AAAAAAAAAA

Now repeat the test but reverse the order of the strings, placing the 'B' characters in c1 and the 'A' characters in c2:

CREATE TABLE FixedLengthOrder
(
    c1 INT IDENTITY(1,1) PRIMARY KEY CLUSTERED
    , c2 CHAR(10) DEFAULT REPLICATE('B', 10) NOT NULL
    , c3 CHAR(10) DEFAULT REPLICATE('A', 10) NOT NULL  
);
GO

This time our DBCC PAGE output is different and the 'B' string appears first:

Memory Dump @0x000000000FC2A060

0000000000000000:   10001c00 01000000 42424242 42424242 †........BBBBBBBB 
0000000000000010:   42424141 41414141 41414141 030000††††BBAAAAAAAAAA... 

Again, just for giggles, lets check the hex dump of the data file:

BBBBBBBBBB

As Anatomy of a Record explains, the fixed and variable length columns of a record are stored in distinct blocks. Logically interleaving fixed and variable column types has no bearing on the physical record. However, within each block the order of your columns does map to the order of bytes in the data file.

CREATE TABLE FixedAndVariableColumns
(
    c1 INT IDENTITY(1,1) PRIMARY KEY CLUSTERED
    , c2 CHAR(10) DEFAULT REPLICATE('A', 10) NOT NULL
    , c3 VARCHAR(10) DEFAULT REPLICATE('B', 10) NOT NULL  
    , c4 CHAR(10) DEFAULT REPLICATE('C', 10) NOT NULL
    , c5 VARCHAR(10) DEFAULT REPLICATE('D', 10) NOT NULL
    , c6 CHAR(10) DEFAULT REPLICATE('E', 10) NOT NULL  
);
GO

Memory Dump @0x000000000E07C060

0000000000000000:   30002600 01000000 41414141 41414141 †0.&.....AAAAAAAA 
0000000000000010:   41414343 43434343 43434343 45454545 †AACCCCCCCCCCEEEE 
0000000000000020:   45454545 45450600 00020039 00430042 †EEEEEE.....9.C.B 
0000000000000030:   42424242 42424242 42444444 44444444 †BBBBBBBBBDDDDDDD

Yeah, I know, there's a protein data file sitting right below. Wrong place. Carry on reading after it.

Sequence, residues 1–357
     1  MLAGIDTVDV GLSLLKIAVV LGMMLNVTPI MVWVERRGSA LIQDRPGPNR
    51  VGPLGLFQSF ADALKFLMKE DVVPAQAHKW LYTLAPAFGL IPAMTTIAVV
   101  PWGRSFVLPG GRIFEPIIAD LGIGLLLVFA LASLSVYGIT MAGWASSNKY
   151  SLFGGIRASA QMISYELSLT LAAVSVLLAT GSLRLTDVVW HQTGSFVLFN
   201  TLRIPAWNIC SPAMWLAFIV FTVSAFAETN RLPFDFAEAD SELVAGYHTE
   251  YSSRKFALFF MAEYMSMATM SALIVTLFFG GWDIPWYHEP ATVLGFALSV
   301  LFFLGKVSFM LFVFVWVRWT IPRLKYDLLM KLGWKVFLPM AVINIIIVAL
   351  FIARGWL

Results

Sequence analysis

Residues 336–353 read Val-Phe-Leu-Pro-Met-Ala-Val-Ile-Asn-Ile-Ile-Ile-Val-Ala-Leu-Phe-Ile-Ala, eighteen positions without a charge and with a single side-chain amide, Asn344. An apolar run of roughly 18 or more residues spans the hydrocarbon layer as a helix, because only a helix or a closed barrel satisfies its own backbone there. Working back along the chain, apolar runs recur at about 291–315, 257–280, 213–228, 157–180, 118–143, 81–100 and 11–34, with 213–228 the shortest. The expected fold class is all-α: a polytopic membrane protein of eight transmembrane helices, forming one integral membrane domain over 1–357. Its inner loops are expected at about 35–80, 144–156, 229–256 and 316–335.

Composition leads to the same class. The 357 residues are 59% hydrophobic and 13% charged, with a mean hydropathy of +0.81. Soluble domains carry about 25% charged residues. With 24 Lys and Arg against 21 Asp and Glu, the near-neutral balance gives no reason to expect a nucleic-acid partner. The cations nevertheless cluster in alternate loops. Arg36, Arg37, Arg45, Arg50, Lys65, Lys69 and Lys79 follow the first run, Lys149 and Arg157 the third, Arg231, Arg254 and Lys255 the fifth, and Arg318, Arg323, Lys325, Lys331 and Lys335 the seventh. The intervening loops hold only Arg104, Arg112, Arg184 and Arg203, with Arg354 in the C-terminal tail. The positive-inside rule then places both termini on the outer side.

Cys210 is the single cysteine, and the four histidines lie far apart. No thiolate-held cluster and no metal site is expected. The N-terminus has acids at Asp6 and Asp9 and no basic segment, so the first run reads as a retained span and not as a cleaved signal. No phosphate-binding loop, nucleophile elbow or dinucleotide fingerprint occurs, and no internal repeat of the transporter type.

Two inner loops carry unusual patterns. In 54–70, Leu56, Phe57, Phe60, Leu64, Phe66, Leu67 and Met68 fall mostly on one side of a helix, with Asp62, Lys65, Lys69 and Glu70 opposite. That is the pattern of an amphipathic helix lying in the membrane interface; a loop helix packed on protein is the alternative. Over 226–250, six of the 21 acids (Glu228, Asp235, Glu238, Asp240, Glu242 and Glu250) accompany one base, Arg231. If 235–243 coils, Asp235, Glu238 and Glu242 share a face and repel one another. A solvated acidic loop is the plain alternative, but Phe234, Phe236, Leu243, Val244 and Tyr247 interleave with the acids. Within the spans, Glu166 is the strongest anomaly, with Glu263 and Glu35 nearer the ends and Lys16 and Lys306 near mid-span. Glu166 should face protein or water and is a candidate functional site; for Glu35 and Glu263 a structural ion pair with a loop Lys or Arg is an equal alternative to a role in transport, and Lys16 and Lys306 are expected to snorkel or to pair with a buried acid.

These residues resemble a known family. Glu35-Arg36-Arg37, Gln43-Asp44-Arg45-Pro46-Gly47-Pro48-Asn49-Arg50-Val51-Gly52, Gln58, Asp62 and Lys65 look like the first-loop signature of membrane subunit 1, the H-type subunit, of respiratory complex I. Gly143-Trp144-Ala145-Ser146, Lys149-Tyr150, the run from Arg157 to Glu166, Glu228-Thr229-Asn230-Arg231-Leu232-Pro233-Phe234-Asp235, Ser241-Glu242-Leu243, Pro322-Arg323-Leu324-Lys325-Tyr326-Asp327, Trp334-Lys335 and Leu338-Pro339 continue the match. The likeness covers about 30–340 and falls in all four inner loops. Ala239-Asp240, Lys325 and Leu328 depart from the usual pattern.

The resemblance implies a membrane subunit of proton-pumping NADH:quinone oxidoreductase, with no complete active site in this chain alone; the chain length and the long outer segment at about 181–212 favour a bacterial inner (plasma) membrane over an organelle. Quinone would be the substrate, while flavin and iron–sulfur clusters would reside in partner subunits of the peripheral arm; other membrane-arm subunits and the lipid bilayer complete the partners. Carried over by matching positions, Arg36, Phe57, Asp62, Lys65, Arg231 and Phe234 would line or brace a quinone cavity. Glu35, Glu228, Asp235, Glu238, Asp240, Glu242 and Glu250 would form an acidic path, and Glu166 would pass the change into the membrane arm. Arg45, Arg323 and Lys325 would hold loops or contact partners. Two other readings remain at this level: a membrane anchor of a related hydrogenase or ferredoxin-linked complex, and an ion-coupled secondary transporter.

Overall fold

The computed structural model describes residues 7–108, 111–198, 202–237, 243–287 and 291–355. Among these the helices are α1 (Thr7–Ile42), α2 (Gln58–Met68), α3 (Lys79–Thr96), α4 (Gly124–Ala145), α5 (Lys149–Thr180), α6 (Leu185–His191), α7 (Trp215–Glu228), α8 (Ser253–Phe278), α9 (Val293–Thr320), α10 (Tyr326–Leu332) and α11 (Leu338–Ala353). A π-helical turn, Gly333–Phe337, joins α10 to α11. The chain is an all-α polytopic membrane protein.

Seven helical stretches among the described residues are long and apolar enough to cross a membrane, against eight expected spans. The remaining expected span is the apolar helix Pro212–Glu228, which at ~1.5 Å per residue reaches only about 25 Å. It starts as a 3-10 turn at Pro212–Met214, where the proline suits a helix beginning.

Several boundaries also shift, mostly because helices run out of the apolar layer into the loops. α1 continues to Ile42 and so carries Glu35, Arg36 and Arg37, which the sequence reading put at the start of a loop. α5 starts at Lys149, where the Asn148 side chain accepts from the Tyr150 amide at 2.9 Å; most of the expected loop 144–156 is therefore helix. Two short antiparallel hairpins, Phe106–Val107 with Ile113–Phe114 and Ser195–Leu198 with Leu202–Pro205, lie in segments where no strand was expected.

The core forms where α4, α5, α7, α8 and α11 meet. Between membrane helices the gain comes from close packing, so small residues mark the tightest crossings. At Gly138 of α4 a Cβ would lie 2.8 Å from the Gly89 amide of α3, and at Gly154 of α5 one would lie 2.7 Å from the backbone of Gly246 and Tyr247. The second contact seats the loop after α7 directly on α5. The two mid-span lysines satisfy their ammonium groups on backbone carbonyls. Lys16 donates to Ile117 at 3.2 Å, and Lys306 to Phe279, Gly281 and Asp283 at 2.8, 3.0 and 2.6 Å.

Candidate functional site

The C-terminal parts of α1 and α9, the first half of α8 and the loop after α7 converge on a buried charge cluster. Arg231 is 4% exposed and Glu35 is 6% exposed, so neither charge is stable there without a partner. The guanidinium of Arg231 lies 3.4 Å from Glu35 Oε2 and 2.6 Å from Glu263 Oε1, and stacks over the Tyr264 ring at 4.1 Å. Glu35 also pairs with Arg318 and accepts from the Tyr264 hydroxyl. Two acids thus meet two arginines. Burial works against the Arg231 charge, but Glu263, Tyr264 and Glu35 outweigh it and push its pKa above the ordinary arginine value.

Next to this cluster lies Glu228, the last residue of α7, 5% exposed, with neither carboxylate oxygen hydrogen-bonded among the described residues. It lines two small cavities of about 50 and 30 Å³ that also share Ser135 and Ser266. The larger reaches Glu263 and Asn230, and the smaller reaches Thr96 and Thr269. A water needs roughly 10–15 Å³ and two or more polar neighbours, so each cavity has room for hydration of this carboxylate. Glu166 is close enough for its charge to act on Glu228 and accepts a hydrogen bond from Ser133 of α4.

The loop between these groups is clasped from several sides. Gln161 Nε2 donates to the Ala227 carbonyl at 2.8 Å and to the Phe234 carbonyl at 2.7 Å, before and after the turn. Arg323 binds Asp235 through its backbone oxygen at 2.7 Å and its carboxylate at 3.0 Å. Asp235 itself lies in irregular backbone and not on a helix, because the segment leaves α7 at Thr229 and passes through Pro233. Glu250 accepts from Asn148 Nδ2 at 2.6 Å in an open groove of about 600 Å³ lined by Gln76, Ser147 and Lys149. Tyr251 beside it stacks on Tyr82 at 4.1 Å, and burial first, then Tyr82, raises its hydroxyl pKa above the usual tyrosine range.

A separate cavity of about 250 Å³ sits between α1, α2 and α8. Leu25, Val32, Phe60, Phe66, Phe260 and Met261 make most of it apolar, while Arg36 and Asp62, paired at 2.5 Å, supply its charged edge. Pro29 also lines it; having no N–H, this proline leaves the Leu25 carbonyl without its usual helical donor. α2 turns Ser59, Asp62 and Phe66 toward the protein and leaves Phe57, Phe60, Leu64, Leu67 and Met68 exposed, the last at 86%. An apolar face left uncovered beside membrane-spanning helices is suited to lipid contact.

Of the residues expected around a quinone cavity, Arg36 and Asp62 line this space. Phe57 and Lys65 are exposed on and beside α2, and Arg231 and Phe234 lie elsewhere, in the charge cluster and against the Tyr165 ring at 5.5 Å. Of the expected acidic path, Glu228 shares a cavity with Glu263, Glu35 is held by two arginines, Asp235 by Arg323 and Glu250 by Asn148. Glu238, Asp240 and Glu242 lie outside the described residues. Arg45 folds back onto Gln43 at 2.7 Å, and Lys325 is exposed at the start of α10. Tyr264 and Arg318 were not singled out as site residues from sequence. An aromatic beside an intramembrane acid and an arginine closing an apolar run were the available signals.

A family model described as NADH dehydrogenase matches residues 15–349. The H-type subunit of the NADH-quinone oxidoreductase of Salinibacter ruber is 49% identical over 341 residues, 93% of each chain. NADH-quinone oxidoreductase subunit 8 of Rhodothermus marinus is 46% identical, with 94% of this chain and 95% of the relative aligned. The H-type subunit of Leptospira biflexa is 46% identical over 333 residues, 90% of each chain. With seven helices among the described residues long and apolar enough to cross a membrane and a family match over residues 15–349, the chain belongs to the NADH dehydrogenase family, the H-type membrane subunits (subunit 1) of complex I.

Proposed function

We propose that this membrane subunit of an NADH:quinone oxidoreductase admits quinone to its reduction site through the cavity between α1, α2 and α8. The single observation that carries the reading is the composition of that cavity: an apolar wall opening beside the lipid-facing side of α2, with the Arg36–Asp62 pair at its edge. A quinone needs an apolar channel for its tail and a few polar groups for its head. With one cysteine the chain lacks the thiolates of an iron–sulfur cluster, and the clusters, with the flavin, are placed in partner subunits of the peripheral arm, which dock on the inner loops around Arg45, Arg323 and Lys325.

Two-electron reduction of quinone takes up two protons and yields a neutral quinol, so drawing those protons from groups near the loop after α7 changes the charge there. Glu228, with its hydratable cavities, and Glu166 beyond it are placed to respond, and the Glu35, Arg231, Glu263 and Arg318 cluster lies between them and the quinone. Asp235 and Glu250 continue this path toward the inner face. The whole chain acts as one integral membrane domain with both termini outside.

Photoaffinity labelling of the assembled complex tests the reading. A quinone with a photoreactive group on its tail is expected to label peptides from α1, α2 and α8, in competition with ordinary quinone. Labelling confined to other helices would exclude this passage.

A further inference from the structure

0000000000000040:   444444†††††††††††††††††††††††††††††††DDD
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+1 I agree. I've always found that within each section the order of the columns initially is as per the CREATE TABLE statement (except that CI key columns do come first in the section). Though the order of the columns can change if ALTER COLUMN changes datatypes/column lengths. The only minor case where it matters that I can think of is that columns at the end of the variable length section with empty string or NULL take no space at all in the column offset array (demonstrated by Kalen Delaney in the 2008 internals book) –  Martin Smith Jun 2 '12 at 8:33
    
Also see sqlskills.com/BLOGS/KIMBERLY/post/… –  Paul White Jun 3 '12 at 10:08
    
@Martin and Mark - Can you imagine any other scenarios where column order would have a notable impact on the behavior of the database? If not, it seems like it's safe to say that, as far as performance is concerned, column order in a table's definition does not matter. Do you agree? –  Nick Chammas Jun 7 '12 at 18:38
    
@NickChammas Possibly/maybe but it would be very marginal... working on it but I haven't had a chance to script up an example yet. –  Mark Storey-Smith Jun 7 '12 at 21:17
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If you do not define a clustered index, you'll get a heap table. For a heap table you'll always be scanning when reading data and thus the whole rows will be read, rendering the order of columns a moot point.